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October 30, 2008
Maxfield explains constitutional amendments
LOVELL, Wyoming (STPNS) -- Wyoming Secretary of State Max Maxfield was making the rounds in northwest Wyoming Monday, explaining the two proposed constitutional amendments on next Tuesday?s general election ballot and urging people to vote.
There are two proposed amendments to the Wyoming Constitution on this year?s ballot, Maxfield explained during an interview Monday.
Amendment A would clarify and modernize the oath of office taken by all elected officials at the state level. Maxfield said the new oath would chop the number of words from 165 to 61 by ?cutting out a lot of redundancy.?
?It doesn?t reduce at all the oath taken,? he said. ?Rather, it puts it in modern terms. Some of the language is redundant. I?m hoping people will pass that.?
The new oath would read: ?I do solemnly swear (or affirm) that I will support, obey and defend the constitution of the United States, and the constitution of the State of Wyoming; that I have not knowingly violated any law related to my election or appointment, or caused it to be done by others; and that I will discharge the duties of my office with fidelity.?
Maxfield urged people to study the amendments before they go to the polling place.
?It?s important for people to go on the Web site or look in newspapers and take a look at the amendment in advance,? he said. ?Because if you don?t vote for it (leaving the ballot blank), you vote against it.?
Amendment B would change the requirement for petition signatures for an initiative or referendum.
Currently, a petition must be signed by at least 15 percent of qualified voters in at least two-thirds of Wyoming?s 23 counties (16), as determined by citizens who voted in the last election.
Amendment B would change the standard from counties to senate districts. Thus, if the amendment passes, a petition must be signed by at least 15 percent of qualified voters in at least two-thirds of the senate districts, based on how many votes were cast in the previous general election.
There are 30 senate districts, so names from 20 districts would have to be gathered. In an average year, a petition would have to contain 35,000 to 40,000 names from qualified voters, Maxfield said.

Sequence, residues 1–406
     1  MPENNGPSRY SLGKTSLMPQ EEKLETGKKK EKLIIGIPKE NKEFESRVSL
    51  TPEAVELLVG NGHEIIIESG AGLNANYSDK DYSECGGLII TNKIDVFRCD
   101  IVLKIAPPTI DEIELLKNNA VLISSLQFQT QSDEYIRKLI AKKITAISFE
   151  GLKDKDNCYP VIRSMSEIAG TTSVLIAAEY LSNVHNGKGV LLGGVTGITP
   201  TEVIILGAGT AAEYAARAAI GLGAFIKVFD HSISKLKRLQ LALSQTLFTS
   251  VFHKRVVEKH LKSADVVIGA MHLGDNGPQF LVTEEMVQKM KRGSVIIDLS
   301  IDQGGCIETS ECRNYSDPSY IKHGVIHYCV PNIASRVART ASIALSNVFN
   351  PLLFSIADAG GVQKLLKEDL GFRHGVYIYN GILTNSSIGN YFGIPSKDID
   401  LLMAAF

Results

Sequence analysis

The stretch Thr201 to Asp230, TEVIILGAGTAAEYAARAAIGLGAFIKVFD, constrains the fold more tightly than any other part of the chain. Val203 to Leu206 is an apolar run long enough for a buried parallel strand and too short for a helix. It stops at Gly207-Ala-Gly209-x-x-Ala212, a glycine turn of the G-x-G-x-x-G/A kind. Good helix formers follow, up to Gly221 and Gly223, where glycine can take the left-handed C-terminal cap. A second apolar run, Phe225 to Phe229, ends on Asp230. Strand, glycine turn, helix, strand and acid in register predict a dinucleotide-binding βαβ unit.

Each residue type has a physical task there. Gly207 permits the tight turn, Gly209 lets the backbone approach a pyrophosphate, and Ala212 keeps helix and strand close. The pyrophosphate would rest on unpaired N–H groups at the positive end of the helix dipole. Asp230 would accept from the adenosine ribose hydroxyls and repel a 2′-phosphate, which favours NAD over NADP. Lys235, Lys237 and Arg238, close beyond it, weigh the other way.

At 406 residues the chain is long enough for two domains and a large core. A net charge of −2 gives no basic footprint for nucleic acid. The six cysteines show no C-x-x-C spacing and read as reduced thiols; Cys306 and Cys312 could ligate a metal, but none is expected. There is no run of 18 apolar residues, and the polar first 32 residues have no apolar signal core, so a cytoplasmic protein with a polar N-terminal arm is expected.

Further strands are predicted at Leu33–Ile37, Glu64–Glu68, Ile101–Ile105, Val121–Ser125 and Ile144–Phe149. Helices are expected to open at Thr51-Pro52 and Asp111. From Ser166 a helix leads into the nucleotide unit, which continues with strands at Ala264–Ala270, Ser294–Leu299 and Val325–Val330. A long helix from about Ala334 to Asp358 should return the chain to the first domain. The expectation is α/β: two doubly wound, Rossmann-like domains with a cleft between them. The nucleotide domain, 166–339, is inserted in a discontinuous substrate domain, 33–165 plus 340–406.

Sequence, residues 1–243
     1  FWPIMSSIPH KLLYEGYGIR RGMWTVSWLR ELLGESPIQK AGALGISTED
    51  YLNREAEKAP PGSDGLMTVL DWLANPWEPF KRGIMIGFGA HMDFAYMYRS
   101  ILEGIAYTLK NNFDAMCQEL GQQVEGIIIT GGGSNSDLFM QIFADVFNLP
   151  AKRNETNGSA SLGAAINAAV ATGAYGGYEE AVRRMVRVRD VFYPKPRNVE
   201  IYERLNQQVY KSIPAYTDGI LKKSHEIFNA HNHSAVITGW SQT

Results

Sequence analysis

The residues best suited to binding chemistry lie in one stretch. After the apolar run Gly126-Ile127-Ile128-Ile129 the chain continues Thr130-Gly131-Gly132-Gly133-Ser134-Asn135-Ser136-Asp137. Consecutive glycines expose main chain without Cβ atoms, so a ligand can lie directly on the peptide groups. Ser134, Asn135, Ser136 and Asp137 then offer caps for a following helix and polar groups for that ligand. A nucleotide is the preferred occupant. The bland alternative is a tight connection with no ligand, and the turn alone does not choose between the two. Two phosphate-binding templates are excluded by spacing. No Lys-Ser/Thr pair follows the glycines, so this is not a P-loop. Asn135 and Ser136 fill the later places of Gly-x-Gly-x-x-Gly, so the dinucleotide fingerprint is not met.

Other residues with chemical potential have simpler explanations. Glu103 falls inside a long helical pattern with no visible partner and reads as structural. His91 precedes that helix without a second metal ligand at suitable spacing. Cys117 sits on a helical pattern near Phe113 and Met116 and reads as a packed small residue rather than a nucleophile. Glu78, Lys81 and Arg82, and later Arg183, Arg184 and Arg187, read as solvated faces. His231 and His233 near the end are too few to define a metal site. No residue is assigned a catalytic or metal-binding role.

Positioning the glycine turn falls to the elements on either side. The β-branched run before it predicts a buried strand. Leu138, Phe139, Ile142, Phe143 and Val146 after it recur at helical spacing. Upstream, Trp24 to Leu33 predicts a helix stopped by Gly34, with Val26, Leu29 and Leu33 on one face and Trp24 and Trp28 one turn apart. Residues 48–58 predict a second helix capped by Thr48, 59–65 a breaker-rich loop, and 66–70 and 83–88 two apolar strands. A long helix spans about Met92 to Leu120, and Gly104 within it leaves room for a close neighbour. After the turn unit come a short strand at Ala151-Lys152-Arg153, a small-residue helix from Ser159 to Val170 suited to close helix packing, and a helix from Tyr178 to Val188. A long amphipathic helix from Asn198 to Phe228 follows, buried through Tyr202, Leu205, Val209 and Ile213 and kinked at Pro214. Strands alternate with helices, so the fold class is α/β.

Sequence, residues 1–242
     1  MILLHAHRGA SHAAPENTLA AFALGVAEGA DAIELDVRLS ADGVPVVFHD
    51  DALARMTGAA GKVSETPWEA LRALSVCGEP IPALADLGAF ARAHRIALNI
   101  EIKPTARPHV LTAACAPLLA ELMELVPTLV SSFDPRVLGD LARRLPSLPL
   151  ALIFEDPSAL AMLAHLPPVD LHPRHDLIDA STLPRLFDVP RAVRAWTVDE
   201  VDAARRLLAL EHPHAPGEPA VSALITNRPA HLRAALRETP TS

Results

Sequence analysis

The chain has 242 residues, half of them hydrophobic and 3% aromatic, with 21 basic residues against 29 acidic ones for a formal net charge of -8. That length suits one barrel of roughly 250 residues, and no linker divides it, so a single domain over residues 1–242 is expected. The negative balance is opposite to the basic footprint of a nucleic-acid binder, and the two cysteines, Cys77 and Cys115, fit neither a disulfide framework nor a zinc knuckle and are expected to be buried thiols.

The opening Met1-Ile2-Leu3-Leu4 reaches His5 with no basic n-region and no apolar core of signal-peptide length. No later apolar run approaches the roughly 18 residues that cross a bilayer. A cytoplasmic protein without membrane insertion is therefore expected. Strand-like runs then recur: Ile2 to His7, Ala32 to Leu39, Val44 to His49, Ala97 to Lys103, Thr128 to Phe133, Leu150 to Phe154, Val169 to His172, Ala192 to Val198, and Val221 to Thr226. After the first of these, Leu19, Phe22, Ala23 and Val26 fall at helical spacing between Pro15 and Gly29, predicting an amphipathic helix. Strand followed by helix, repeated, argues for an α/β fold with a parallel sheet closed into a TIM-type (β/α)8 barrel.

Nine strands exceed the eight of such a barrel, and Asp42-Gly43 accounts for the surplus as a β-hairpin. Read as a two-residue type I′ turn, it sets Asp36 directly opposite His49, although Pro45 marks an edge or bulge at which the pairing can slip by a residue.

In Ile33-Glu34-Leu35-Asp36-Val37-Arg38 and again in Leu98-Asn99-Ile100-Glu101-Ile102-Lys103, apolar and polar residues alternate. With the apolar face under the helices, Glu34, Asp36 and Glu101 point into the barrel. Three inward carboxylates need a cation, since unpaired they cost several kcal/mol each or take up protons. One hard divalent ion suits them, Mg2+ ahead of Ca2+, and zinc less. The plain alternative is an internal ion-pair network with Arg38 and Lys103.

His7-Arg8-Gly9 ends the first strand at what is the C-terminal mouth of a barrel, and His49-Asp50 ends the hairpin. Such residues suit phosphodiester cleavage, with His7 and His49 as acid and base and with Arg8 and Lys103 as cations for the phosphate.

?If I were to be trying to get an initiative or referendum on the ballot, in my opinion the proposed Amendment B would simplify the logistics of that,? he said. ?You need 20 districts and if you hire people to collect signatures, they could concentrate on seven counties.
?Laramie County has five senate districts, Natrona four and Fremont four. Basically you could go to six or seven counties to get enough signatures to get the initiative on the ballot. I wouldn?t be as broad a base as the current method, but everyone still gets to vote on the initiative.
?The question people need to ask is if they want a wider range of citizens (on the petitions) or a simplified way to get something on the ballot.?
Get out the vote
Maxfield is also asking citizens to turn out and vote on Tuesday.
?This election is historic and it?s big,? he said. ?We have two (U.S.) senators on the ballot at the same time, and we have an open (U.S.) house seat for the first time in 14 years. And it?s a presidential election year.
?In the (August) primary about 47 percent of registered voters voted (in Wyoming), compared to 46 percent in the primary two years ago. But only 27 percent of Wyoming citizens who are eligible to vote (registered and unregistered) actually came out to vote in August.?
And yet Wyoming is one of the easiest states in which to cast a ballot, Maxfield said. It is one of only eight states that allow a citizen to register at the polls on Election Day with proper identification. A person is not a registered voter if he or she did not vote in the last general election, but all a person has to do is show up at the polls on Election Day and re-register.
And yet Wyoming does not allow third-person voter registration, which has been highlighted in recent weeks by charges of corruption in some states.
?We get calls asking if ACORN or other nationally-spotlighted third-person voter registration groups are active in Wyoming,? he said. ?By law we don?t allow third-person registration. And we don?t allow electronic voice solicitation for votes.?
There is already a big turnout in absentee voting this election, Maxfield said, noting that 20 percent of registered voters have already requested absentee ballots and 11 percent have voted.
It?s easy to vote in Wyoming, Maxfield reiterated, noting that the new and improved secretary of state?s Web site allows a citizen to find out what precinct they live in and where their polling place is, complete with a map. All a person has to do is enter his or her address.
Maxfield urges people to check out the Web site at http://soswy.state.wy.us.
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